Knowledge and the future school

We’ve been strongly influenced by the work of Professor Michael Young (Institute of Education, University College London). Here are some of our favourite insights from the book Knowledge and the Future School by Michael Young and David Lambert with Carolyn Roberts and Martin Roberts:

On the the two common curriculum models and on “powerful knowledge” as an alternative:

“Future 1 refer[s] to the curriculum that secondary schools have inherited from the nineteenth century and was the model that many teachers reacted against in the 1970s, especially those teaching slow or disadvantaged learners. Future 1 was (and is) symbolised by the typical curriculum of grammar and public schools; it formed the basis of the first National Curriculum launched in 1988. Crudely expressed, in Future 1 knowledge is treated as largely given, and established by tradition and by the route it offers high achievers to our leading universities. […] For a Future 1 curriculum, the future, despite incremental changes in knowledge, is seen as an extended version of the past.”

“Future 2 changes were introduced as part of policies of social inclusion and widening participation […] A […] trend was the weakening of boundaries between the worlds of school and work as the curriculum was progressively ‘vocationalised’ for […] pupils from poor and disadvantaged backgrounds.

All these developments represented a change in the old assumptions about knowledge as a given and the curriculum as a fixed body of knowledge to be transmitted to all students capable of acquiring it. They represented a change from seeing education as “worthwhile in itself” (and the phrase barely used today of encouraging ‘learning for its own sake’) towards an increasingly instrumental view that education was a means to an end – usually expressed as the expectation of future employment. […] These were shifts in the dominant view of curriculum knowledge from something that changed little […] to something that could always be changed to suit a new need or interest. […] For teachers, Future 2 had a number of attractions. First, it was a response to what was perceived as the rigidities and elitism of Future 1. Secondly, if all knowledge were “socially constructed” and not fixed or given, it licensed a differentiated curriculum as a way of spreading access to all pupils.”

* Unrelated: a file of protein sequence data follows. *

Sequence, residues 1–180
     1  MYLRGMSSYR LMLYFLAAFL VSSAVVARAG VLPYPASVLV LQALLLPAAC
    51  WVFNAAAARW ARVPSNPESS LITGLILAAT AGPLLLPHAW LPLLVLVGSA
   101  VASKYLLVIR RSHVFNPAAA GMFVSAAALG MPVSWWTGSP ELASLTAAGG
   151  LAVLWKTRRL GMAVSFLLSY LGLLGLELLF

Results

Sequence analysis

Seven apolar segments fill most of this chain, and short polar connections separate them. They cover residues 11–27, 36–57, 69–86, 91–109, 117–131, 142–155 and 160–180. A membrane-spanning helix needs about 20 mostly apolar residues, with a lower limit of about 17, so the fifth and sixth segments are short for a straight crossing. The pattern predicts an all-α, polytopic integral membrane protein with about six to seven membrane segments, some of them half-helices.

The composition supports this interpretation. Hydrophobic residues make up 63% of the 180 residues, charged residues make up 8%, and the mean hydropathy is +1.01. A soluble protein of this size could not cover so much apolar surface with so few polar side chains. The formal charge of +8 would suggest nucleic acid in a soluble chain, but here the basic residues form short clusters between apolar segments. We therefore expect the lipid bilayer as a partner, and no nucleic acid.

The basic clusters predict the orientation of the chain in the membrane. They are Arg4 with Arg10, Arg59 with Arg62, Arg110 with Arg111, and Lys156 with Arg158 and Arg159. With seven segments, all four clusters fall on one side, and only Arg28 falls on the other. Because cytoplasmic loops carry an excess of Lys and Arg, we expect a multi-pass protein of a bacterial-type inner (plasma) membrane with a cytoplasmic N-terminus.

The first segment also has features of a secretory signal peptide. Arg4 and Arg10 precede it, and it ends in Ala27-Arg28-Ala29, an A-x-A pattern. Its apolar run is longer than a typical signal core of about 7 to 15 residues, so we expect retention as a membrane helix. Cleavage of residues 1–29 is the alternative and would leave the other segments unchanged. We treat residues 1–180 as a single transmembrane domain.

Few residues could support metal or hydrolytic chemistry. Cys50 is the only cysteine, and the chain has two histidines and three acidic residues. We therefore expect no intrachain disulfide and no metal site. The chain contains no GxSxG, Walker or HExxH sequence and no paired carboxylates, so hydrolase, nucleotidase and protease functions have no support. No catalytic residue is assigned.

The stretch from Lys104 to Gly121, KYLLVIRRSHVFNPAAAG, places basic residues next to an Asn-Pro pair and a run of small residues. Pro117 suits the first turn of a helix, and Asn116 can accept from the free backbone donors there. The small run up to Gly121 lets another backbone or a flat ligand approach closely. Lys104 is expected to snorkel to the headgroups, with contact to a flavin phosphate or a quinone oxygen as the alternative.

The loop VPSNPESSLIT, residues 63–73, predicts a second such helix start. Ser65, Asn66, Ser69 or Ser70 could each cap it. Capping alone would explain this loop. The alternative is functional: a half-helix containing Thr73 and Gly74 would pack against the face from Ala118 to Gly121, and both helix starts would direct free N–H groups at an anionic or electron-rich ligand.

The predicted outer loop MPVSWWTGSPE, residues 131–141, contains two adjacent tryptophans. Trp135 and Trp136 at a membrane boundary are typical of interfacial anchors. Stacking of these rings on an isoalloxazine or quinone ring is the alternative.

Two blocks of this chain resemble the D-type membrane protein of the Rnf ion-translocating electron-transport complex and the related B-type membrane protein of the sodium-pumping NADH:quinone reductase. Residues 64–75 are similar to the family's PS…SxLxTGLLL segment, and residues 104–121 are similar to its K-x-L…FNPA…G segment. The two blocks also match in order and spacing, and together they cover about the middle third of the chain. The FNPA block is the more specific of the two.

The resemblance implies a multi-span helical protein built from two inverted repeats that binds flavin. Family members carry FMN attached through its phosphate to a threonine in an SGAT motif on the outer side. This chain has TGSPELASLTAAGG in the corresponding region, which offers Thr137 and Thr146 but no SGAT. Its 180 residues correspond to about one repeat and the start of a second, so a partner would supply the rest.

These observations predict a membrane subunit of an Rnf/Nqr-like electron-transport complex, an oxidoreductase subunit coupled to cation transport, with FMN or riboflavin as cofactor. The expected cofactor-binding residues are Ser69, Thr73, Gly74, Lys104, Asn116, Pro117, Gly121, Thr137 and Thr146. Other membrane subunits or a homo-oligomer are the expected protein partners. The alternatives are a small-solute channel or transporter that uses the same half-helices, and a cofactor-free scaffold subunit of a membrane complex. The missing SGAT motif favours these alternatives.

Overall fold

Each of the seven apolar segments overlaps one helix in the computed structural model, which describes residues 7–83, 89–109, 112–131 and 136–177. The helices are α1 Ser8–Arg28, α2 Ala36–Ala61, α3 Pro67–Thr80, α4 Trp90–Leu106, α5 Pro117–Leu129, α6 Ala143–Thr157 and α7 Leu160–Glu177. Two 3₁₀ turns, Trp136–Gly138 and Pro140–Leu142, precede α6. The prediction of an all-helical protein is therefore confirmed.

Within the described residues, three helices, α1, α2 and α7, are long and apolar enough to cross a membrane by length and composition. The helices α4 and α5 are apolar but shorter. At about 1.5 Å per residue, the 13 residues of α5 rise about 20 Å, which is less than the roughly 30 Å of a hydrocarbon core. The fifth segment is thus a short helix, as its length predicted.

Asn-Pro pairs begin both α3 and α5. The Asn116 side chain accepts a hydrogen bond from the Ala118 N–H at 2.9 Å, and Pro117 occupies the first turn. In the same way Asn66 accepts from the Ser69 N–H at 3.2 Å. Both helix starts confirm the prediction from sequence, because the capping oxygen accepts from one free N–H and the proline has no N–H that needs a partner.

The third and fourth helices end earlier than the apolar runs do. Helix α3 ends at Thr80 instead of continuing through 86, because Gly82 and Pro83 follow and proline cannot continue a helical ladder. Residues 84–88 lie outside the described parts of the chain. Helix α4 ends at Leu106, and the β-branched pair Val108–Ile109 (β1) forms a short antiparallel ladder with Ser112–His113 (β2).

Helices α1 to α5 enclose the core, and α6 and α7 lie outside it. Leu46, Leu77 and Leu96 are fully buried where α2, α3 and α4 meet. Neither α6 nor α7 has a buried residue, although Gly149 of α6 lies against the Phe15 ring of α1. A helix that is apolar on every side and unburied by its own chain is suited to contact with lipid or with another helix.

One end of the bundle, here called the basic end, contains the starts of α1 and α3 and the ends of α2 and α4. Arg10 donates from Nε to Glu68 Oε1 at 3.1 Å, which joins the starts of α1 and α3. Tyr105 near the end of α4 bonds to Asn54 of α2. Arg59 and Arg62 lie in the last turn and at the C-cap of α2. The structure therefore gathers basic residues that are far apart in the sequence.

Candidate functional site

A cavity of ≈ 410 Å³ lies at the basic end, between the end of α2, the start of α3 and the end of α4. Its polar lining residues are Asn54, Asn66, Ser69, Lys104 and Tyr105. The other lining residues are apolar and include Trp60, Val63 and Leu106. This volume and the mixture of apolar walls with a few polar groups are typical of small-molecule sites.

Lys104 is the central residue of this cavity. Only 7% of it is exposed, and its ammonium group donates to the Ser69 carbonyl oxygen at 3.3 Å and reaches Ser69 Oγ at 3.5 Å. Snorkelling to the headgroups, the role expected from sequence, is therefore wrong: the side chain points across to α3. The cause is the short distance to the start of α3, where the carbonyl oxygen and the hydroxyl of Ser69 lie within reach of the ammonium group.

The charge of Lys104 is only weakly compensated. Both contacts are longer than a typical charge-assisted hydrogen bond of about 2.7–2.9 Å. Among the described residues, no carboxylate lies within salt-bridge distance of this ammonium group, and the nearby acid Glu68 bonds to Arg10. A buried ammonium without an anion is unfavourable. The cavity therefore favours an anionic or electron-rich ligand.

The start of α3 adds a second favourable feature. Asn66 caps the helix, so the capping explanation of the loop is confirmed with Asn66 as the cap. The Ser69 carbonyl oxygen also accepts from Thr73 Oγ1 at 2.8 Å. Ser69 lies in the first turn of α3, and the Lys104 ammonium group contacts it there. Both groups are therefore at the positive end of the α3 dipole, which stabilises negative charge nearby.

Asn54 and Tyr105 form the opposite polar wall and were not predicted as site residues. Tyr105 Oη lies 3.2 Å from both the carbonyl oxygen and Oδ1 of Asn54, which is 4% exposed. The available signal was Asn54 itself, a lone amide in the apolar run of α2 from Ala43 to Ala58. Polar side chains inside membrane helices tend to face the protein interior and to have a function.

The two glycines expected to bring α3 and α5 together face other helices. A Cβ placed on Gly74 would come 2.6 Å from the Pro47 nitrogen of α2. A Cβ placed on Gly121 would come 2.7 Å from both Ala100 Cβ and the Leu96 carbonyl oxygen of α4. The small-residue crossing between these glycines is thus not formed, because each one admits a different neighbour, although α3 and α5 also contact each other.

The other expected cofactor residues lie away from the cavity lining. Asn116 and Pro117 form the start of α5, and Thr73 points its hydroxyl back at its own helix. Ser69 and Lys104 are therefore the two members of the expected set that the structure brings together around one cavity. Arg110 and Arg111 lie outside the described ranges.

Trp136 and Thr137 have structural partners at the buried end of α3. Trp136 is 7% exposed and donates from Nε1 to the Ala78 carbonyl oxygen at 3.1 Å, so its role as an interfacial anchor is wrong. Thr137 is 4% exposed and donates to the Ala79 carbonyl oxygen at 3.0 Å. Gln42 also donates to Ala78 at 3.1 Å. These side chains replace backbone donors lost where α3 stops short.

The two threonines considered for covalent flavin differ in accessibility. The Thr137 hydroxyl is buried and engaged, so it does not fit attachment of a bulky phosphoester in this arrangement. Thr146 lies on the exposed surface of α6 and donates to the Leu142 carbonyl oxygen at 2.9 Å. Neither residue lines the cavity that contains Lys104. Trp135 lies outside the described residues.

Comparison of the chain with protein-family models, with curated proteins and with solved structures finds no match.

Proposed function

“Knowledge and the Future School”, pp. 60-61

“Of course knowledge is not given as Future 1 assumes; it has social and historical origins as Future 2 argues. What other origins could it have? However it does not follow as Future 2 assumes that because knowledge is social, there is no ‘better knowledge’. Newton and Shakespeare are historical figures who made discoveries and wrote plays in their contexts which were very different from ours. But we still go to Shakespeare’s plays, and recognise that although they are about a society that we only dimly know about through history books, their characters and relationships articulate for us almost universal truths. Likewise, we find that for human beings living on this planet, Newton’s laws of motion and light are as near the truth as we can get – today, as they were in the 1970s, and before he discovered them in the late 1600s. So being social and historical doesn’t just (as of course it can) make knowledge biased, it also makes it true. Why? Because what is true, is not just ‘in the knowledge defined as a set of propositions’ – as in the dominant philosophical argument about knowledge being ‘justified true belief’. Newton’s laws, to take but one example, locate their claim to be true in the community of physicists who have, since his time, tested and questioned them. Whether these specialist communities are particle physicists, novelists or social scientists, such communities have their shared rules, some more and some less agreed than others, for testing and questioning the truth of whatever they claim to know in their field. The truth, and the objectivity of knowledge is the truth of these communities, as the nearest to truth that we get – that is the truth of Future 3.

[…]

On the one hand, Future 3 points to a curriculum of the future and so offers a vision of the future for schools today. […] It differs in its idea of knowledge from Futures 1 and 2 in a number of ways. In contrast to Future 1, it explicitly locates knowledge in the specialist communities of researchers in different fields and as a consequence, does not treat knowledge as ‘given’ but fallible and always open to change through the debates and research of the particular specialist community. Unlike the openness of knowledge assumed by Future 2, the openness of Future 3 is not arbitrary or responsive to any kind of challenge; it is bounded by the epistemic rules of the particular specialist communities. It follows that a Future 3 curriculum rejects the a-social givenness of school subjects associated with Future 1 and the scepticism about subject knowledge associated with Future 2. Instead it treats subjects as the most reliable tools we have for enabling students to acquire knowledge and make sense of the world. In other words, a Future 3 curriculum is a resource for teachers who seek to take their students beyond their experience in the most reliable ways we have.”

“Knowledge and the Future School”, pp.65-67

“What are the educational implications of there being some knowledge which has generalisable meanings and a degree of objectivity that cannot be reduced to its context or origins? In other words […] truth as the best knowledge we have in any field of enquiry. If subjects are the nearest we get in a curriculum to having access to this “best knowledge” are there any grounds for denying access to such knowledge to the next generation, whatever their social or cultural backgrounds[?]”

“Knowledge and the Future School”, pp.108-109

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